Millions without MTV wait overnight to see KISS unmasked

Eric Shirey / www.examiner.com

For millions of fanatics, September 18th, 1983 was the day their rock 'n roll super heroes KISS showed their faces to the world for the first time in dramatic fashion on MTV. It was a moment that could only be compared to Batman, Spider-Man, or the Flash coming on the national news and removing their costumes and masks on camera. Although Ace Frehley and Peter Criss had already left the band, new members Vinnie Vincent and Eric Carr had spent the better part of a year hiding their identities behind faces painted up to look like the Ankh Warrior and Fox, respectively.

What many don't realize is that cable TV wasn't as widespread as it is now in 1983. Many millions of people didn't have MTV or pay television and therefore didn't see the big unmasking. I was one of those unfortunate souls with no access to MTV or a ride to the store to pick up their album, "Lick It Up," which had come out that same day. Many devotees wouldn't get our first glimpse at KISS sans the makeup until the next day when the newspapers picked up the story and ran articles with the picture of the bare-faced band used for the cover of their "Lick It Up" album.

You see, there was no internet in 1983. We didn't have the instant gratification you get today with dozens of different websites running their version of the same story. We common folk had to wait a full twelve to twenty-four hours before our first look at KISS without their trademark makeup.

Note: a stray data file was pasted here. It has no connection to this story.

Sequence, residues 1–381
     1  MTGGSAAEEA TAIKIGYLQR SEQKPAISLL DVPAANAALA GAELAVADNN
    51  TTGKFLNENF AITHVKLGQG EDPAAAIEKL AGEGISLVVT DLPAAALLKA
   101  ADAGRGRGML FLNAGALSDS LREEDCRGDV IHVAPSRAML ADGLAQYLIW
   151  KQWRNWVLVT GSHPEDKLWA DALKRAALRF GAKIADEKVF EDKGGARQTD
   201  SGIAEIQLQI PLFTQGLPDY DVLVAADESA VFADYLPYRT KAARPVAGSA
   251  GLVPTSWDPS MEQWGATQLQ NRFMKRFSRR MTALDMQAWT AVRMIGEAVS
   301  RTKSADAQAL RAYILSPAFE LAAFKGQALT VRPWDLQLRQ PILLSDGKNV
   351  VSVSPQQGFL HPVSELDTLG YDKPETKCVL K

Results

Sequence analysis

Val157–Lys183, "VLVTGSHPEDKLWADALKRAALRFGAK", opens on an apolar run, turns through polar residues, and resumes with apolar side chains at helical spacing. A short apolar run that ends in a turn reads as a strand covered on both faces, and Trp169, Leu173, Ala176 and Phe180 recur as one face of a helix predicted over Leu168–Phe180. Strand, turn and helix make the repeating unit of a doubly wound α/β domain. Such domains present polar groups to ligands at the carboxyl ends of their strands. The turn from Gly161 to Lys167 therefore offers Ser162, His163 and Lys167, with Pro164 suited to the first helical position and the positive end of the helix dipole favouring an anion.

At the time, I was living outside of Austin, TX in a suburb called Cedar Park. On September 19th, I was eleven years old and getting ready for school that Monday morning. My stepfather always got up early to read the local newspaper, the Austin American-Statesman, before he headed to work. He silently slapped the paper down in front of me at the dining room table. I remember looking at the picture of the four members of KISS without their war paint and reading the blurb, which named each member from left to right.

I didn't find it too hard to pick out Paul Stanley's slightly pursed lips and Gene Simmons with his tongue protruding from his mouth. Vinnie Vincent and Eric Carr were recognizable mainly because of the shapes of their faces and through the process of elimination after picking out Stanley and Simmons. It was a monumental moment for millions of KISS fans and remains a pivotal point in rock and roll history and the career of the Hottest Band in the World.

On a personal note, I always laugh thinking back on that day. After reading the article, I exclaimed, "Wow." My stepfather pulled the paper back to himself. With a straight face, much like that of Red Forman's on "That 70s Show," he proclaimed, "They should've kept the makeup on." The ridiculous things old people say.



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